When Samsung announced its new Galaxy smartphones this past week, the Galaxy Note 5 and Galaxy S6 Edge+, it hyped up their screen sizes, speed and functionality, as any smartphone maker tends to do when they’ve got new hardware to sell to you. At first glance, the Galaxy Note 5 and Galaxy S6 Edge+ seem like good additions to Samsung’s top tier smartphone families — stay tuned for a full review once I’ve had time to properly assess them.
Amongst the feature set of both smartphones is the ability to connect to Category 9 networks with download speeds that can hit 450Mbps downstream and up to around 75Mbps upstream.
That’s very fast, at least in theory. At the same time that Samsung announced the new devices, Telstra announced that they’ll be the first devices on its network capable of accessing those Category 9 speeds when they launch, which should be very soon. Telstra’s also announced that it’ll shortly have a Netgear wireless hotspot product with Category 9 compatibility.
The way this works is via what’s known as carrier aggregation, where the bandwidth of multiple channels is combined into one much higher capacity channel; for Telstra that’s a combination of its 700MHz, 850MHz and 2600Mhz channels, while Optus is aggregating spectrum holdings across both its FDD (Frequency Division Duplexing) and TDD (Time Division Duplexing) networks. In both cases, Category 9 networks are most likely to be concentrated in metropolitan areas, so if you’re more regional, you’re unlikely to see a lot of Category 9 action, at least for a while.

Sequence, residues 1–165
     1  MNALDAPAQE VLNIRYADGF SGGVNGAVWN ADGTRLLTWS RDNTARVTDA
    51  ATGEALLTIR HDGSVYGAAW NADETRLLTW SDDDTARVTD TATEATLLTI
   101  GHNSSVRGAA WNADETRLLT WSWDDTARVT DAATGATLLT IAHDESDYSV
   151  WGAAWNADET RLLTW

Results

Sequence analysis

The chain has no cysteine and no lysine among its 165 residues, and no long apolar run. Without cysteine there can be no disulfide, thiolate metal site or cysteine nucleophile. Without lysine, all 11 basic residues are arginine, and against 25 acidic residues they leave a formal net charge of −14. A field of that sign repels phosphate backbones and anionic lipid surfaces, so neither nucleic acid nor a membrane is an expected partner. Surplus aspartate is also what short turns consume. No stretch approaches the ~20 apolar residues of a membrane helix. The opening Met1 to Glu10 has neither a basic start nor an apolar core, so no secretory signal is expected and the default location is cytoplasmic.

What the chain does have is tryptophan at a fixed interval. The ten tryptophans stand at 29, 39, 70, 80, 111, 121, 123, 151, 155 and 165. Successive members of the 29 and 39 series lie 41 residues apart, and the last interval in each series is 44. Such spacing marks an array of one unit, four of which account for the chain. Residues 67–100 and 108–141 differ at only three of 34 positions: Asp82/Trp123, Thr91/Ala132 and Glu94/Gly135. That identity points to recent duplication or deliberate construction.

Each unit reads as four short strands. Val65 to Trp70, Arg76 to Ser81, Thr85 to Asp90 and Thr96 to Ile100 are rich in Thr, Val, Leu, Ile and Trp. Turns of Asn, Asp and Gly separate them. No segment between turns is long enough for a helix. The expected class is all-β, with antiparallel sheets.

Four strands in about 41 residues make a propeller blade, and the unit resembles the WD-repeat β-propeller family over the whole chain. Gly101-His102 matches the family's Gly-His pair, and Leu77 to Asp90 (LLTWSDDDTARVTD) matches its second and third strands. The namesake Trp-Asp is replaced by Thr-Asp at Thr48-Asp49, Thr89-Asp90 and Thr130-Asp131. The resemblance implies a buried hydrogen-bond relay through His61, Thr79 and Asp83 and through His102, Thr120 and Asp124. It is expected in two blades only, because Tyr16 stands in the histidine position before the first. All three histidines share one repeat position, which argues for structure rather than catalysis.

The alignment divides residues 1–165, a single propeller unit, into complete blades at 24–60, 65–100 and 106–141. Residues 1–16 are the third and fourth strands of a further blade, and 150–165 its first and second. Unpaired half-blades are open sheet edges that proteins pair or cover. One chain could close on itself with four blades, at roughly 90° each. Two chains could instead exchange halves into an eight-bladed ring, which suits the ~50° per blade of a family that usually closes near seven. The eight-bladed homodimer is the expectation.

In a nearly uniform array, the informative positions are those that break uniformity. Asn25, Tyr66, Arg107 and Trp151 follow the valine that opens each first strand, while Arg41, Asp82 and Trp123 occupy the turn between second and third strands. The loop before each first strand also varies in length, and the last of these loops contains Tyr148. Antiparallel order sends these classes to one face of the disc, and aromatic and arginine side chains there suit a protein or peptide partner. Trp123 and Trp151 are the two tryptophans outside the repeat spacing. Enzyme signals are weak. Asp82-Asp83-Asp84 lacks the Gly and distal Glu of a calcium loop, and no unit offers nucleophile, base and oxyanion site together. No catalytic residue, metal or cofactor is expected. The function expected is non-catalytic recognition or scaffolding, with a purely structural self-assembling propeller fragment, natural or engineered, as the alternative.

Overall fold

In Optus’ case, they’ve done some live testing on networks in real usage in Newcastle, hitting (as per their claims) a top speed of 317Mbps down.
You might notice how that’s not 450Mbps, and that’s not accidental. While the specifications call for speeds up to 450Mbps, that’s the theoretical ceiling, rather than the actual expected performance. Even with carrier aggregation, you’re going to be limited by environmental factors – anyone who’s ever taken a call in a lift or when going through a tunnel will be aware of how physical factors can affect mobile performance.
Equally, you’re going to very much be at the mercy of however many other users are also using those networks; both the carrier aggregated Category 9 users and those using single channel 4G devices. Right now, the very first Category 9 devices can and may peak up towards that 450Mbps limit, once significant quantities of users are on those networks, you can expect those speeds to drop especially during peak usage periods.
That’s physics at play, and there’s nothing that telcos can do to combat it. New towers can deal with some of the physical factors by placing repeaters in tunnels or using spectrum that travels well through walls or buildings, typically in the lower frequency ranges, but you can’t do much about what is a shared spectrum.
So while it’s great that Australian networks are advancing in quality and in many ways leading the world in mobile data delivery, it’s still very much a complimentary technology road to that of a fixed line infrastructure.
Samsung won’t have a monopoly on Category 9 devices either, as we can expect to see other devices in the next twelve months with the same kind of capabilities, at which point network coverage should also be more widespread.